Westwood had been in fine form before his injury setback
World number three Lee Westwood is confident he will be able to play all five rounds in Europe's Ryder Cup clash against the United States next month.
The 37-year-old, who has not played since early August, is fighting to be fit for the Ryder Cup after tearing the plantaris muscle in his right calf.
"I haven't had any pain for three weeks," Westwood told the Golf Channel.
"I've made great progress. I'm pretty strong at the moment. I'd be fine playing in all five matches."
Westwood, who has been a key member of the
European team for six Ryder Cup campaigns
against the United States, pulled out of the WGC-Bridgestone Invitational in Ohio in August after two rounds because he was finding it hard to put weight on his right leg.
We have been hurt by Lee Westwood's injury. There's no doubt about that
European vice-captain Paul McGinley
He missed the final major of the year, the USPGA Championship, last month and will not play Tour golf until the Ryder Cup begins at Celtic Manor on 1 October.
But Westwood is happy with how his recovery is going, adding: "I've been working with my coach, Pete Cowen, and he says I'm swinging it better than I was before."
Westwood will play at a charity event hosted by Ryder Cup vice-captain Darren Clarke and cricket legend Sir Ian Botham at Archerfield Golf Club in Scotland early next week as he steps up his rehabilitation.
He will then play two rounds on Friday next week in order to "replicate the Ryder Cup with two matches in one day".
Westwood had been in impressive form before his injury setback, finishing second in the Masters and the Open as well as winning the St Jude Classic after beating American Robert Garrigus and Swede Robert Karlsson in a play-off.
In the Ryder Cup, Westwood has been part of four victorious European sides - winning 14, losing 10 and halving five of his 29 matches.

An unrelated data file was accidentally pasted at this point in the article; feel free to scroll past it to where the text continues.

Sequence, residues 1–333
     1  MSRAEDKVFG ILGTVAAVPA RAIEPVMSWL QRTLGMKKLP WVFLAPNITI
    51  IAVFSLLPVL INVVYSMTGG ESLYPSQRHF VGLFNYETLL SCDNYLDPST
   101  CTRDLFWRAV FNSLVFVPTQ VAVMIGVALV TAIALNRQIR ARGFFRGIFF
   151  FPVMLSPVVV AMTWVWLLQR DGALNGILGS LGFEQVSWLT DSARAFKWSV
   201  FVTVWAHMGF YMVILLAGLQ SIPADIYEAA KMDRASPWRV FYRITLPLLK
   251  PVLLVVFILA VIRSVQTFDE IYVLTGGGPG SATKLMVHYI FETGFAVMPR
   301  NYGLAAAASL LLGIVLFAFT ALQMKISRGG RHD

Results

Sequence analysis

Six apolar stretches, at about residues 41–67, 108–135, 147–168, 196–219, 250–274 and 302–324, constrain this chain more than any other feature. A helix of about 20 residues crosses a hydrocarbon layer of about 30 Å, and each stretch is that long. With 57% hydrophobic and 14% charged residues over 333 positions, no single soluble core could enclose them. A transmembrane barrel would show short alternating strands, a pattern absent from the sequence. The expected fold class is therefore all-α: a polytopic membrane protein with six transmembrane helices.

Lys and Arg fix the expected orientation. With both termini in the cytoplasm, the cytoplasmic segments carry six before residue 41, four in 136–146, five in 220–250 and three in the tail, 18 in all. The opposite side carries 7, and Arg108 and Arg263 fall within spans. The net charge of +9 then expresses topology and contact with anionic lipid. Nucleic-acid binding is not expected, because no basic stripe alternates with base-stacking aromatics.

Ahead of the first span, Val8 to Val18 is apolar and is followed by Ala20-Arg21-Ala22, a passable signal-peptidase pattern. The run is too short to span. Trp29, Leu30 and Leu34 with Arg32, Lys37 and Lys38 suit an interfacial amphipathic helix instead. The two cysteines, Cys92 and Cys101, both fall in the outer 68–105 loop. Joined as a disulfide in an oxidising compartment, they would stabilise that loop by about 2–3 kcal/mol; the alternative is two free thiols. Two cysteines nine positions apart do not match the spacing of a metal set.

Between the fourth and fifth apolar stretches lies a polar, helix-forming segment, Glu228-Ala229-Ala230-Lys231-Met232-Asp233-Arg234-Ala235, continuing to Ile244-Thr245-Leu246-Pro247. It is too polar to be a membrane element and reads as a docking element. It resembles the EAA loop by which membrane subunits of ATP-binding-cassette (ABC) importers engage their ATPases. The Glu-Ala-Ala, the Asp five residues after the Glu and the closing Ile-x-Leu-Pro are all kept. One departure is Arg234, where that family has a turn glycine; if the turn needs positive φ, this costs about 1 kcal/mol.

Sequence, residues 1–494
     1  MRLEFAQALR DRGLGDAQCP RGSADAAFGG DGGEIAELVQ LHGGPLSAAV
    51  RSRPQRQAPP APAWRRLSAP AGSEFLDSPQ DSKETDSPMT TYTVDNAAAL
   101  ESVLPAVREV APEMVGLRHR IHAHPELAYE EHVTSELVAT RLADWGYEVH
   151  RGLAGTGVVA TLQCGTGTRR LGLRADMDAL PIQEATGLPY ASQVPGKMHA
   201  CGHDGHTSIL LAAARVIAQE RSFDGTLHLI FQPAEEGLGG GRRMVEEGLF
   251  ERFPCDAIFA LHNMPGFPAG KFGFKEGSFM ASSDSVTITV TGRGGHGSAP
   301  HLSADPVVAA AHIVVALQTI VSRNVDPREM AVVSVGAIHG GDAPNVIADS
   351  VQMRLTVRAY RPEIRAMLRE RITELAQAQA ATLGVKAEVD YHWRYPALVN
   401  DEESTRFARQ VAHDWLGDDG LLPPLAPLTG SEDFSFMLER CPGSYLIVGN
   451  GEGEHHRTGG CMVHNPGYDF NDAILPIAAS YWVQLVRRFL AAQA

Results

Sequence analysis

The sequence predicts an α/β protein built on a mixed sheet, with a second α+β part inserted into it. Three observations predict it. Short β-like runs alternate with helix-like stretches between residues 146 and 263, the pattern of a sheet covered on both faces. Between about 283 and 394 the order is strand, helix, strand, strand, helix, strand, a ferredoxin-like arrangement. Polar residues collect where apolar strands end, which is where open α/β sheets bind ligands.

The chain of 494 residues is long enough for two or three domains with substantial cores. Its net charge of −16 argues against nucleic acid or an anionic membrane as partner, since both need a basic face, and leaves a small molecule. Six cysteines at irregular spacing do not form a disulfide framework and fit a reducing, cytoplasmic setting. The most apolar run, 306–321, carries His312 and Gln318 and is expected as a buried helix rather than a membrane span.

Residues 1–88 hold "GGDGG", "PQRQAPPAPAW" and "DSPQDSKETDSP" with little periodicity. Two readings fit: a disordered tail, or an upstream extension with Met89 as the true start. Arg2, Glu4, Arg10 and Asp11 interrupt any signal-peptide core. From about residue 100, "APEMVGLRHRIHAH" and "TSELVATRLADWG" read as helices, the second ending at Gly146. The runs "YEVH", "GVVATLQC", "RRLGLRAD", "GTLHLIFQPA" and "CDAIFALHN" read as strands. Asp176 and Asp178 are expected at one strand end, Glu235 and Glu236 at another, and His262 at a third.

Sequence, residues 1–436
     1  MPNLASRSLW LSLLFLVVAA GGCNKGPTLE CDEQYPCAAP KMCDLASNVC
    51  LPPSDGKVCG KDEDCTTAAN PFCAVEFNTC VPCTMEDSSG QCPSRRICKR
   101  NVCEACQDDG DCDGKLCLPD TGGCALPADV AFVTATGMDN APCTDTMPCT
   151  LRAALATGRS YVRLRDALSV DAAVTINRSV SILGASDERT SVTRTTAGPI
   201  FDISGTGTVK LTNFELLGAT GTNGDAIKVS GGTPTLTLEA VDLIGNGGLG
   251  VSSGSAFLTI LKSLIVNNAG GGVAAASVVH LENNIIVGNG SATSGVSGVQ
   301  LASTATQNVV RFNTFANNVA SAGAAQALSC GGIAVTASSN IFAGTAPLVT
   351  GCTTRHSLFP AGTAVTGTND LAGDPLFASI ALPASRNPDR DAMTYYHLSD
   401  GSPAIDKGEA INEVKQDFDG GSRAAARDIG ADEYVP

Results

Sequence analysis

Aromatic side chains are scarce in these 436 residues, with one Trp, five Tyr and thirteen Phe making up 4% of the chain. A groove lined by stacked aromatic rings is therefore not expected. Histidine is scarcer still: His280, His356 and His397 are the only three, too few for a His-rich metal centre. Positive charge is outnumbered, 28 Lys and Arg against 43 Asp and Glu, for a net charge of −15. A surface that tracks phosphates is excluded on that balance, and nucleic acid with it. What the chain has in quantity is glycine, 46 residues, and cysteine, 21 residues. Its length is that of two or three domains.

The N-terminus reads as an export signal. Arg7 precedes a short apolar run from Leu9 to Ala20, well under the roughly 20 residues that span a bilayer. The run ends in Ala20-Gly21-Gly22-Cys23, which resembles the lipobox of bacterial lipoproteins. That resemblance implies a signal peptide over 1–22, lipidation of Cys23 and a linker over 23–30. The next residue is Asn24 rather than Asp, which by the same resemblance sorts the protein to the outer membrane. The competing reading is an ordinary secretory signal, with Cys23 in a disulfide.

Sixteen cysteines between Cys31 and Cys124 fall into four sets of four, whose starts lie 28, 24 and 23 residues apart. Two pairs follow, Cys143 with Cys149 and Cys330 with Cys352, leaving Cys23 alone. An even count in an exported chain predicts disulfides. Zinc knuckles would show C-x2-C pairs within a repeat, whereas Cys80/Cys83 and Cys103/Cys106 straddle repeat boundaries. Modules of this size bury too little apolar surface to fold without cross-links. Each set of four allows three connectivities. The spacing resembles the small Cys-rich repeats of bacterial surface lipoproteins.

However, Westwood struggled to make an impact in the last Ryder Cup in Valhalla in 2008, earning only two halves out of four matches as the United States regained the trophy.
"Lee started chipping and putting last week and is hitting up to five irons," a spokesman for Westwood's management team told BBC Sport on Tuesday. "There have been no setbacks.
"Everything is going according to plan. He is in the gym every day. He's confident he will be ready, he was confident when he stopped playing last month that he would be."
Should Westwood fail to recover before the opening ceremony on 30 September, skipper Colin Montgomerie would be able to select a replacement, given that Italian Edoardo Molinari, the next eligible man on the World Points list, has already been given a wildcard pick.
That could pave the way for the inclusion of world number seven Paul Casey or fellow Englishman Justin Rose, who has won twice in the United States this year.
The duo missed out as Montgomerie named Padraig Harrington, Luke Donald and Molinari as his
at the end of August.
Meanwhile, European vice-captain Paul McGinley admitted on Tuesday that concern over Westwood's fitness has given an advantage to Corey Pavin's United States side.
"A couple of months ago we were quite clear favourites but in the last two months things have changed. We have been hurt by Lee Westwood's injury. There's no doubt about that,"
McGinley told the Guardian.
"It's going to be an unknown factor until Lee turns up that week and we see how he feels, having not competed since The Open. That's a disappointment for Europe.
"I also think the American team has got a lot stronger over the last two months and we've had some issues - none more so than Lee having been injured and not having played. He's our number one player so I think it's going to be a very close Ryder Cup."